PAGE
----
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    Cervical Cancer Treatment (PDQ®): Treatment - Health Professional Information [NCI] - General Information About Cervical Cancer


    Clinical Features

    Early cervical cancer may not cause noticeable signs or symptoms.

    Possible signs and symptoms of cervical cancer include the following:


    The following procedures may be used to diagnose cervical cancer:

    • History and physical exam.
    • Pelvic exam.
    • Cervical cytology (Pap smear).
    • HPV test.
    • Endocervical curettage.
    • Colposcopy.
    • Biopsy.

    HPV testing

    Cervical cytology (Pap smear) has been the mainstay of cervical cancer screening since its introduction. However, molecular techniques for the identification of HPV DNA are highly sensitive and specific. Current screening options include the following:

    • Cytology alone.
    • Cytology and HPV testing.

    HPV testing is suggested when it is likely to successfully triage patients into low- and high-risk groups for a high-grade dysplasia or greater lesion.

    HPV DNA tests are unlikely to separate patients with low-grade squamous intraepithelial lesions into those who do and those who do not need further evaluation. A study of 642 women found that 83% had one or more tumorigenic HPV types when cervical cytologic specimens were assayed by a sensitive (hybrid capture) technique.[15] The authors of the study and of an accompanying editorial concluded that using HPV DNA testing in this setting does not add sufficient information to justify its cost.[15]

    HPV DNA testing has proven useful in triaging patients with atypical squamous cells of undetermined significance to colposcopy and has been integrated into current screening guidelines.[15,16,17]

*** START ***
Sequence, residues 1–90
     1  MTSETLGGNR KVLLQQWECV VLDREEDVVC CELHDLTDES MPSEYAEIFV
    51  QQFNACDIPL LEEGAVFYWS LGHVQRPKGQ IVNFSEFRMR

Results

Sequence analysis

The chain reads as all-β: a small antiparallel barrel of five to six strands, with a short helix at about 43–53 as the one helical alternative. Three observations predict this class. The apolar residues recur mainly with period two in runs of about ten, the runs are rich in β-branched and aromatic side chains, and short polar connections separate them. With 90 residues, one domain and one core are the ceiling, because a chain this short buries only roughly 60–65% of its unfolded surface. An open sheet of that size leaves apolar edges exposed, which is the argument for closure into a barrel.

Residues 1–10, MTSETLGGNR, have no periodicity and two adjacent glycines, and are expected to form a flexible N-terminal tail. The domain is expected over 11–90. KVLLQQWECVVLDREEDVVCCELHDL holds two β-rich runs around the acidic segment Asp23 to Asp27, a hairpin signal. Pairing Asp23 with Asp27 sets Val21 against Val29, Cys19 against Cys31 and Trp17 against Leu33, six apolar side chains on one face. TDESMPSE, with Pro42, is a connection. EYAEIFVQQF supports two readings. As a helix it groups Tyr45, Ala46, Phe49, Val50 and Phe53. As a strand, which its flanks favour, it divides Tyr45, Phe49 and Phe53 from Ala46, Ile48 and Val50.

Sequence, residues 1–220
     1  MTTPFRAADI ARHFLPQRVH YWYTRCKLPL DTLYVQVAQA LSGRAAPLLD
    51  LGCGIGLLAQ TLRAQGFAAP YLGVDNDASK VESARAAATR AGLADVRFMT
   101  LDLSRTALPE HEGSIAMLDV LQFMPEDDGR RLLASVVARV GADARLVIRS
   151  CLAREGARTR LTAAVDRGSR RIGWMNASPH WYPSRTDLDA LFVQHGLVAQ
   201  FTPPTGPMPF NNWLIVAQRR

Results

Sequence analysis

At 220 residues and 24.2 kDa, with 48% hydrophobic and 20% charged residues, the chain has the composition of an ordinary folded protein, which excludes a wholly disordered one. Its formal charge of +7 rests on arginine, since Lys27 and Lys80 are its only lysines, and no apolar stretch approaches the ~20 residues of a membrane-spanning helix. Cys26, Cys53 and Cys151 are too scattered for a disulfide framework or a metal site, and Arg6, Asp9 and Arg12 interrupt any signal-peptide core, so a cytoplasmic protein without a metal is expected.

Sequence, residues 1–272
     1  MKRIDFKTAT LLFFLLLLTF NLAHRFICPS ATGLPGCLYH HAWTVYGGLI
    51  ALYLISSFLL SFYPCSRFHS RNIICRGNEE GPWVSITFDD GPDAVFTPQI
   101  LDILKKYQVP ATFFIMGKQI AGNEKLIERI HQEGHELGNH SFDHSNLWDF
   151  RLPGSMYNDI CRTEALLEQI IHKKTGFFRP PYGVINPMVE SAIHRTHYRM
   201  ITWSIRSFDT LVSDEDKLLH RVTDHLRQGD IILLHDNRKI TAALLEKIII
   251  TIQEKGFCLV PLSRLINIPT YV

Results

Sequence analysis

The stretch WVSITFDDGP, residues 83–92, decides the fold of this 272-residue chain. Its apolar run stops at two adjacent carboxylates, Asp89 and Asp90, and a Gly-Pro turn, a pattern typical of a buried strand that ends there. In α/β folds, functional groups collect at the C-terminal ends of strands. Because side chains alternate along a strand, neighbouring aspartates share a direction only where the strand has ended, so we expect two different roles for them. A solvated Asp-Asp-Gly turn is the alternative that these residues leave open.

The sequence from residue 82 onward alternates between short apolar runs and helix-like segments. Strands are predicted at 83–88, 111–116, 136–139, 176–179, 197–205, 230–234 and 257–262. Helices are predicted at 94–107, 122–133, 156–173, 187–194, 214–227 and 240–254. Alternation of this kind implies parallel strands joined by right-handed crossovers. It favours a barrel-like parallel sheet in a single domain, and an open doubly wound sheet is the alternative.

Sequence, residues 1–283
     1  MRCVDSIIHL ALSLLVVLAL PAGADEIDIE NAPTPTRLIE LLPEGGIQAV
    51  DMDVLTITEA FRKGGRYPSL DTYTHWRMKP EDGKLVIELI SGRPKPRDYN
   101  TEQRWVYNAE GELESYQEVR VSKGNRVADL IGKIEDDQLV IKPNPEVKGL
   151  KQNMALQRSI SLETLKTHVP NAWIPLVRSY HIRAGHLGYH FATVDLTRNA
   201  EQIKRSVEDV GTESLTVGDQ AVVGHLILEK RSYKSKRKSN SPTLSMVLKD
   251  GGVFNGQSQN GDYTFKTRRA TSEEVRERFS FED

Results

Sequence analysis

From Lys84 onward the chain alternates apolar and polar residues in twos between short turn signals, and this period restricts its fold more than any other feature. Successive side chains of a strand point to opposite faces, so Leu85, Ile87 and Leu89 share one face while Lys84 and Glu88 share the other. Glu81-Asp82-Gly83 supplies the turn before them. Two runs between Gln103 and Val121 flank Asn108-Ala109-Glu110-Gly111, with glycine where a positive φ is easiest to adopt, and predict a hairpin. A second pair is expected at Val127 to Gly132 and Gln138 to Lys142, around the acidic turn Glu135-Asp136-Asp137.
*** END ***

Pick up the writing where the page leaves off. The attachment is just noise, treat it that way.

Other studies show that patients with low-risk cytology and high-risk HPV infection with types 16, 18, and 31 are more likely to have CIN or microinvasive histopathology on biopsy.[6,18,19,20] One method has also shown that integration of HPV types 16 and 18 into the genome, leading to transcription of viral and cellular messages, may predict patients who are at greater risk for high-grade dysplasia and invasive cancer.[21]

    For women older than 30 years who are more likely to have persistent HPV infection, HPV typing can successfully triage women into high- and low-risk groups for CIN 3 or worse disease. In this age group, HPV DNA testing is more effective than cytology alone in predicting the risk of developing CIN 3 or worse.[22] Other studies have shown the effectiveness of a primary HPV DNA-screening strategy with cytology triage over the previously used cytology-based screening algorithms.[23,24]

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